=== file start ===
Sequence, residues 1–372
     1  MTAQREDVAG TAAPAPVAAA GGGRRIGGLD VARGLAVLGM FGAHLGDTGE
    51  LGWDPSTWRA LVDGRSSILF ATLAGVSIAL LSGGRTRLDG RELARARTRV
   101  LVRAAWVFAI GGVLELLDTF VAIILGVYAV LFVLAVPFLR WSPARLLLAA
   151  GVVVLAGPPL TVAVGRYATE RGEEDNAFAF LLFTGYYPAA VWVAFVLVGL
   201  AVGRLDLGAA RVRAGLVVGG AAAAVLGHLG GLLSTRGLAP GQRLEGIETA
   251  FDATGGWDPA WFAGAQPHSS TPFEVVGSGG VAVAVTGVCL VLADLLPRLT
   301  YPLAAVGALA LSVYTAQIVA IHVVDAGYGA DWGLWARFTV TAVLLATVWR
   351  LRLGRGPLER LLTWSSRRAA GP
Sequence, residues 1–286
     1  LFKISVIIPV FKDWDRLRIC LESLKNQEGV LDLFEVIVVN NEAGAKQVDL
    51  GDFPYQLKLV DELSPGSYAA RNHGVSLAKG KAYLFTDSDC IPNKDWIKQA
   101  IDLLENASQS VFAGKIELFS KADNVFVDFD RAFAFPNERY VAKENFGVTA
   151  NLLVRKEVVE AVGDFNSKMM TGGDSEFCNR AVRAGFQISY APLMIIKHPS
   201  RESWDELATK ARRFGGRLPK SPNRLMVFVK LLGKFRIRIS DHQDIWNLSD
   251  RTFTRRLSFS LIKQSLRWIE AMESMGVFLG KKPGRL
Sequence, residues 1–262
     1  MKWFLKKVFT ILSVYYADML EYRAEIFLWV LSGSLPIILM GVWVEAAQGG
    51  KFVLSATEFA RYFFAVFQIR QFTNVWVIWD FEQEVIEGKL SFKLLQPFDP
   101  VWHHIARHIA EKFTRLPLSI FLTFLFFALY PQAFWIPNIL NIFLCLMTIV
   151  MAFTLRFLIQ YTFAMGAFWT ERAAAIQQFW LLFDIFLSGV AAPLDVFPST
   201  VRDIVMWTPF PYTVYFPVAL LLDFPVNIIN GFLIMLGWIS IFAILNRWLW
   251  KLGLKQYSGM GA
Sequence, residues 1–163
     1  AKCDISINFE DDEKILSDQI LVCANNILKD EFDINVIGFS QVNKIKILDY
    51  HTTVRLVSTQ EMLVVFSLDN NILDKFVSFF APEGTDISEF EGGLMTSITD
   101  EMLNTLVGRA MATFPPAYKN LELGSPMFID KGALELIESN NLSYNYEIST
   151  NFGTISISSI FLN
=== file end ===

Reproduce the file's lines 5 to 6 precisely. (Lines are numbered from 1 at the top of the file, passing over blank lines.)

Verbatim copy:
   151  GVVVLAGPPL TVAVGRYATE RGEEDNAFAF LLFTGYYPAA VWVAFVLVGL
   201  AVGRLDLGAA RVRAGLVVGG AAAAVLGHLG GLLSTRGLAP GQRLEGIETA